group. The representative day for each class for Algiers and Hassi Messaoud are

summarised respectively in Table 4 and Table 5.

Table 6 and Table 7 shows respectively the period and classes associated with each cluster

coloured and visualized in figure 12 and 13.

Table 8 and 9 indicate for each region and for each day type the level of memberships to the

clusters. For example for Algiers, The day corresponding to 01 of July 2003 belongs with a

confidence degree of 90,55% to cluster C2 (Summer season) , 5,55 % to cluster C1(Winter

season) 2,6 % to cluster C3 (Autumn season) and 1,3 % to cluster C4 (Spring season).

www.intechopen.com

Maps Combined

Combined to

to Fuzzy

Fuzzy C-means,

C-means, a Two Level Clustering Approach.

Kohonen

ElectricityApproach.

Load DataApplication to Electricity Load Data

aApplication

Two Levelto

Clustering

555

555

The day corresponding to the 31th January, a winter day belongs with a confidence degree

of 84,14 % to cluster C1 (Winter season), 8,87 % to cluster C2 (Summer season), 5,26 % to

cluster C3 (Autumn season) and 1,73 % to cluster C4 (Spring season).

Representative Day

30 December 2003

27 march 2003

21 May 2003

25 june 2003

Membership value

0.9099

0.926

0.8741

0.9352

Representative Day

01 April 2003

27 May 2003

21 October 2003

Membership value

0.9899

0.9881

0.9462

Season

winter

Summer

Autumn

spring

Classes

C1 (yellow)

C2 (green)

C3 (red)

C4 (blue)

Overlapping

C2,C3,C4

C1,C3,C4

C1,C2,C4

C1,C2,C3

Period

Dec, Jan, Fev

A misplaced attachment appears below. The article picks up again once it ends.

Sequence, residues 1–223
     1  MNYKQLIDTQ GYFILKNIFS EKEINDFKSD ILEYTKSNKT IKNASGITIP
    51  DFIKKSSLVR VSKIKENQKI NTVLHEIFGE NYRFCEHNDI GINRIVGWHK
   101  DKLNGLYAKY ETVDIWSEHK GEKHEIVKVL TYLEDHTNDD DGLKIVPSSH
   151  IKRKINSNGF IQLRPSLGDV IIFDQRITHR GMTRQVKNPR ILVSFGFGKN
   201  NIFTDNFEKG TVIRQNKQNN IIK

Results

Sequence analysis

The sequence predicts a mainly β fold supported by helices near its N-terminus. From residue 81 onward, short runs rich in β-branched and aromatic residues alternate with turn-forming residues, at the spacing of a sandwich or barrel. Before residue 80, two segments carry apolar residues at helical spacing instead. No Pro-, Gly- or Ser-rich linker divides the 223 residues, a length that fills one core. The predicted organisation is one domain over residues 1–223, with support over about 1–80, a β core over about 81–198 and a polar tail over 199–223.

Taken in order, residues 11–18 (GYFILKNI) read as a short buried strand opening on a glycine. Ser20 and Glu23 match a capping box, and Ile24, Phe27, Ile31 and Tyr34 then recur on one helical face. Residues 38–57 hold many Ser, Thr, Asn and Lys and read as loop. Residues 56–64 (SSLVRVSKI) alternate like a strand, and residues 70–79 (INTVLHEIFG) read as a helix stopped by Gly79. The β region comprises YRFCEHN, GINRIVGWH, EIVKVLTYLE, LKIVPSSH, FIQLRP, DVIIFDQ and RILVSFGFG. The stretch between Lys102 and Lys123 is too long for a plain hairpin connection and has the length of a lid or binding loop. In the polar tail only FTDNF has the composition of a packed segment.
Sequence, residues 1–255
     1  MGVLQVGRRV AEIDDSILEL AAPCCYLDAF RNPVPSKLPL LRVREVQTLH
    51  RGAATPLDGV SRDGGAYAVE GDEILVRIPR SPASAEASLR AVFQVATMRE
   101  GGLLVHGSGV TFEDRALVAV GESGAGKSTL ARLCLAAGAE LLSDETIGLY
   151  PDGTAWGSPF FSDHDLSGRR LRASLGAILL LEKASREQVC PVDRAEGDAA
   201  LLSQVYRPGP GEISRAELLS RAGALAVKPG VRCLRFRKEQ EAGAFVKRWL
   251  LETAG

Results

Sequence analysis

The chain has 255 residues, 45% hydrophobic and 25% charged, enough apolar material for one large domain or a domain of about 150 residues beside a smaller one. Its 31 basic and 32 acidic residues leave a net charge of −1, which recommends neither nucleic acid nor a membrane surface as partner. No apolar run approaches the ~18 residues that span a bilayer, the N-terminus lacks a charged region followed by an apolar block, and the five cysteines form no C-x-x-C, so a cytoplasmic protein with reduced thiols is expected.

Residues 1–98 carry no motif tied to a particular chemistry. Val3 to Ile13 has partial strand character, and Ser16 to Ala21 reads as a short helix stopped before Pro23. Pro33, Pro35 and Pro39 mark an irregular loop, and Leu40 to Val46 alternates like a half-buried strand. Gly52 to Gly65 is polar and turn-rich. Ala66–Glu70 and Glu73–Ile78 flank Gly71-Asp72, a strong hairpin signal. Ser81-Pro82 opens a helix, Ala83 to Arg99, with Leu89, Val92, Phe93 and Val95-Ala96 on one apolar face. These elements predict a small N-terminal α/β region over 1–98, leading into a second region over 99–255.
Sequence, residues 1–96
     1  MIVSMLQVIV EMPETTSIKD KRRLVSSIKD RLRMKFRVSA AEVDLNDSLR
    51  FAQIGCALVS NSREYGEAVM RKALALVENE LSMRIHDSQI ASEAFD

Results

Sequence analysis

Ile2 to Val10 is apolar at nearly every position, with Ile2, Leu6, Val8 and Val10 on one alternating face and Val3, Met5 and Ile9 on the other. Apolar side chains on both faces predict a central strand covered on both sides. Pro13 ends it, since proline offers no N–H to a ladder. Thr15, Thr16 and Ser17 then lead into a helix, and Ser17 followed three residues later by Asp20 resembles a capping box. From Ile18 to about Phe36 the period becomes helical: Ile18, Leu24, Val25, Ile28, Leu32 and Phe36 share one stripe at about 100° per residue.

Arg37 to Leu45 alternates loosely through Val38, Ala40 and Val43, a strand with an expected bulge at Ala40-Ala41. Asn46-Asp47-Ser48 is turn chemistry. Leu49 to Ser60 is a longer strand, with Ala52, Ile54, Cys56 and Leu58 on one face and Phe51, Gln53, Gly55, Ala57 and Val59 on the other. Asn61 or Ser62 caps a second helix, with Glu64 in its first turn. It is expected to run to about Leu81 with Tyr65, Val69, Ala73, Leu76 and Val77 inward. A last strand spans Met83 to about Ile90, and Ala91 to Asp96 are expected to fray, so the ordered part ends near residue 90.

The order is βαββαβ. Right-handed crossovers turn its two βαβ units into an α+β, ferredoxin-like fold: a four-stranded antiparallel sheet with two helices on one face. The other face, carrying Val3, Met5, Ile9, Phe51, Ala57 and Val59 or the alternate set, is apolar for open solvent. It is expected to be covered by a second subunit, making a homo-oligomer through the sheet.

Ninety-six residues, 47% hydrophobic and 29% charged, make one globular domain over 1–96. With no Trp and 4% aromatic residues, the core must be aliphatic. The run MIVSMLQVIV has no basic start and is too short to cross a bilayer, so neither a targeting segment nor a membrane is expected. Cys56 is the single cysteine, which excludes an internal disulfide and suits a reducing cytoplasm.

July et August

September, October and November

March April May June

Season

Autumn

Summer

Spring

Classes

C1 (yellow)

C2 (green)

C3 (red)

Overlapping

C2,C3

C1,C3

C1,C2

Period

Feb March April

May June July August

Sept Oct Nov Dec, Jan

Day

01/07/2003

31/01/2003

22/01/2003

21/10/2003

10/08/2003

10/05/2003

C1

0.0555

0.8414

0.7928

0.1645

0.208

0.102

C2

0.9055

0.0887

0.0799

0.056

0.6406

0.0497

C3

0.026

0.0526

0.0953

0.5202

0.1072

0.3682

C4

0.013

0.0173

0.032

0.2594

0.0442

0.4802

Day

31/01/2003

20/12/2003

C1

0.07

0.0717

C2

0.2373

0.2314

Table 9. Membership values per class per day for Hassi Messaoud

www.intechopen.com

C3

0.6927

0.6969

556

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Self Organizing Maps - Applications and Novel Algorithm Design

6. Conclusion

This chapter presents day type identification for regional Algerian electricity load using a

combination of two of the most popular artificial intelligence paradigms, for instance

Kohonen Maps and Fuzzy logic. The Kohonen map analysis allows a rough visual

identification of the different existing classes, while the C-means clustering approach

identifies existing clusters as well as providing each new day to identify, with a membership

value. The choice of the optimal number of clusters is based on four fuzzy cluster validation

measures (PC, PE, SC and XB). Four clusters are clearly identified for Algiers and three

clusters for Hassi Messaoud, two large representative cities, respectively from northern and

southern part of the country.

Fuzzy clustering methods allow objects to belong to several clusters simultaneously, with

different degrees of membership. This is more natural than hard clustering, as objects on the

boundaries between several classes are not forced to fully belong to one of the classes, but

rather are assigned membership degrees between 0 and 1 indicating their partial

memberships.

This is an important feature for day type identification to increase sensitivity, allowing a

Neuro-Fuzzy forecasting approach, as existing clusters are already identified as potential

models for each studied region (city). The subsequent combination between forecasting

models may be given by the already determined membership functions.

7. References

Benabbas, F., Khadir, M.T., Fay, D., Boughrira, A. (2008). Kohonen Map Combined to the